10.1172/JCI35114DS1). We performed studies and found that knockdown of Egr-1 affected viral growth in SK-N-SH cells. Therefore, we further characterized Egr-1 induction during infection. RT-PCR analysis showed that the expression of Egr-1 mRNA in infected SK-N-SH cells gradually increased from 2 through 48 hours p.i. (Figure 1B), which is consistent with the microarray results (Supplemental Figure 1). Western blot analysis showed that Egr-1 protein was induced in SK-N-SH cells infected with infectious virus but not with UV-inactivated virus (Figure 1C). Additional results using reporter assay and Egr-1 promoters with various lengths of deletion showed that HSV-1 infection activated Egr-1 promoter in SK-N-SH cells via interaction with the 5′ end of the promoter (Supplemental Figure 2).
HSV-1 infection increases Egr-1 expression. The viral growth (A) and Egr-1 expression assayed by RT-PCR (B) and Western blot (C) analyses were monitored in SK-N-SH cells infected with strain KOS or with UV-inactivated virus (UV). M, molecular weight marker. (D) The brain stem regions of Egr-1+/+ and Egr-1–/– C57BL/6 mice mock infected or infected with strain 294.1 were harvested at day 6 p.i. and stained with DAPI or antibodies against Egr-1 or viral antigen glycoprotein D (gD). Original magnification, ×200. Data are representative of at least 2 experiments.
We next studied Egr-1 induction in vivo using Egr-1 wild-type (Egr-1+/+) and deficient (Egr-1–/–) C57BL/6 mice (5, 7, 13) infected with HSV-1 strain 294.1 (18) via corneal inoculation. Our previous study showed that the majority of virus in the brains of HSV-1–infected mice was found in the brain stem region (19). Accordingly, mouse brains were harvested at day 6 p.i. to detect the expression of Egr-1 and viral antigen (glycoprotein D) in the brain stem region using immunofluorescence staining. Egr-1 expression was not detected in the brains of either mock-infected or infected Egr-1–/– mice (Figure 1D). Egr-1 was expressed at basal levels in the brains of mock-infected Egr-1+/+ mice. In the brains of infected Egr-1+/+ mice, Egr-1 expression was enhanced mostly in cells where viral antigen was detected. Collectively, these results demonstrate that HSV-1 infection induces Egr-1 expression in both human cells and mouse tissue.
Egr-1 functions to increase HSV-1 replication in both human and mouse cells. To determine the function of Egr-1 in HSV-1 replication, we knocked down Egr-1 protein expression in SK-N-SH cells using an antisense oligomer previously shown to effectively reduce Egr-1 protein expression to a basal level (20, 21). The resulting cells were infected with strain KOS and then harvested for titration. The mean viral titers in the SK-N-SH cells treated with the Egr-1 antisense oligomer were lower than those treated with a control (scramble) oligomer from 12 through 48 hours p.i., with a significant (10-fold) difference at 36 hours p.i. (Figure 2A; P = 0.01, Student’s t test).
Egr-1 increases HSV-1 replication. Growth of strain KOS in SK-N-SH cells transfected with an antisense or scramble oligomer to Egr-1 (A) or in embryonic fibroblasts (B) and brain slices (C) prepared from Egr-1+/+ or Egr-1–/– mice. Data show mean ± SEM from 2 independent experiments, each done in duplicate. *P < 0.05 (Student’s t test), relative to antisense oligomer or Egr-1–/– mice.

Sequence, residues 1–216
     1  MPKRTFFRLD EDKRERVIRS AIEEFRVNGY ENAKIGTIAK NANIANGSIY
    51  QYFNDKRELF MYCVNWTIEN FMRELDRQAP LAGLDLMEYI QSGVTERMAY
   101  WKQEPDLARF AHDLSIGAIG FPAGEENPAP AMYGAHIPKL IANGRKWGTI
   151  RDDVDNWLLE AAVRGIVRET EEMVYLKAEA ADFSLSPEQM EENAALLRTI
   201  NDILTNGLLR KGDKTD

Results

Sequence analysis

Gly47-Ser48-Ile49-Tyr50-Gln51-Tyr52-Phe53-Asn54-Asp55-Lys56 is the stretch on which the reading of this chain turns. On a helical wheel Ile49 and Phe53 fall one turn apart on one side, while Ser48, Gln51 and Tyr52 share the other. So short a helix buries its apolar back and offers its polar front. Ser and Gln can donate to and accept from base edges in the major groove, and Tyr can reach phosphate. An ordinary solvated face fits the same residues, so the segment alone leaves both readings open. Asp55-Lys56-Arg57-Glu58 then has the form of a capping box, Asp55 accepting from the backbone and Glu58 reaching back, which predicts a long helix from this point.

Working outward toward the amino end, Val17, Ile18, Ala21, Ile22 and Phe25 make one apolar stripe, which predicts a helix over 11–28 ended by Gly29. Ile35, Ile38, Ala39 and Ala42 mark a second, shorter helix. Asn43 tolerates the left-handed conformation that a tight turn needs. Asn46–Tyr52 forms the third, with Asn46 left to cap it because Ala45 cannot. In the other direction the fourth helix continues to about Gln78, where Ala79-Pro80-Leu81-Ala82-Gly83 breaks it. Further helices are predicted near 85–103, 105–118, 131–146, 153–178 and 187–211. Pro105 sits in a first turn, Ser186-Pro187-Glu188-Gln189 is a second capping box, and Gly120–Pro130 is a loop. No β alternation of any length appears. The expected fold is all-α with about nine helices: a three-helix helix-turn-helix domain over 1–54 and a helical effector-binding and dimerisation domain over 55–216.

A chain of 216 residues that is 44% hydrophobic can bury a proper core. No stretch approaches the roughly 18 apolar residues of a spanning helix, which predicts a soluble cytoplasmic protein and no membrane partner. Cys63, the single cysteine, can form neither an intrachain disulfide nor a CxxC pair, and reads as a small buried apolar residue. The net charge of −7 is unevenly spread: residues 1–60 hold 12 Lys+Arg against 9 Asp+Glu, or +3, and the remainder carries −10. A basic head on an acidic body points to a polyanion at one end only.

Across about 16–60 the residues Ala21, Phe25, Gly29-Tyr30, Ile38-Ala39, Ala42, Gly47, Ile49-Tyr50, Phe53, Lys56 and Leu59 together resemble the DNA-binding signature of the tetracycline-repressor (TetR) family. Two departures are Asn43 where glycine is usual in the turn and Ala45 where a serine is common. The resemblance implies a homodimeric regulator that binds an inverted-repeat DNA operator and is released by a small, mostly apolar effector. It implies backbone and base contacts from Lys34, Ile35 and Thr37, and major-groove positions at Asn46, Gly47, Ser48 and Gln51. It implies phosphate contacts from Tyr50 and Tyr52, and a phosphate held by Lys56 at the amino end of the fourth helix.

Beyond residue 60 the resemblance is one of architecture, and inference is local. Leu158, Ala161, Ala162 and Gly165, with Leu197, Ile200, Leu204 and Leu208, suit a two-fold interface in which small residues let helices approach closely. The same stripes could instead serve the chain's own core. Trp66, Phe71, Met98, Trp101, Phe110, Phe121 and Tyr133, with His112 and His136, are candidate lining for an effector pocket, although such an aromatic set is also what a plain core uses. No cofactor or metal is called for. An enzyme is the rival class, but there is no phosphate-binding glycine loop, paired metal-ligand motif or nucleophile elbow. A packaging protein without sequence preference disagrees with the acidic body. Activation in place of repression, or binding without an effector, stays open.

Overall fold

In addition, we cultured mouse embryonic fibroblasts from Egr-1+/+ and Egr-1–/– mice, infected the cells with strain KOS, and harvested infected cultures for titration. The mean viral titers in the embryonic fibroblasts from Egr-1–/– mice were lower than those from Egr-1+/+ mice from 12 through 48 hours p.i., with a significant (7-fold) difference at 24 hours p.i. (Figure 2B; P = 0.03, Student’s t test). We also examined the growth of strain KOS in the brain slices prepared from Egr-1+/+ and Egr-1–/– mice. Figure 2C shows that the mean viral titer in the brain slices from Egr-1–/– mice was significantly lower than that from Egr-1+/+ mice, with 5-fold difference at 24 hours p.i. (P = 0.03, Student’s t test). Collectively, these results demonstrate that the Egr-1–mediated increase of HSV-1 replication is not a phenomenon specific to human or mouse cells or to a particular cell type.
Egr-1 activates the productive cycle gene promoters of HSV-1 by binding to its corresponding sequences in the promoters. Egr-1 is a transcription factor shown to activate the promoters of immediate-early genes important for productive infection (14, 15) and to suppress the promoter of the latent gene (16) of Epstein-Barr virus. With regard to HSV-1, Egr-1 is shown to repress the promoter of the latent gene encoding LATs (17). If Egr-1 increases HSV-1 replication in cells through repressing LAT, the replication of LAT deletion mutants in cells should be increased compared with that of wild-type viruses. However, our results found that the replication of 2 LAT deletion mutants, dLAT2903 (22) and dlLAT1.8 (23), and their wild-type viruses, McKrae and KOS, was comparable in SK-N-SH cells (data not shown), which is consistent with previous studies using other cell lines (22, 23). These results indicate that Egr-1 functions to increase HSV-1 replication in cells in a LAT-independent manner.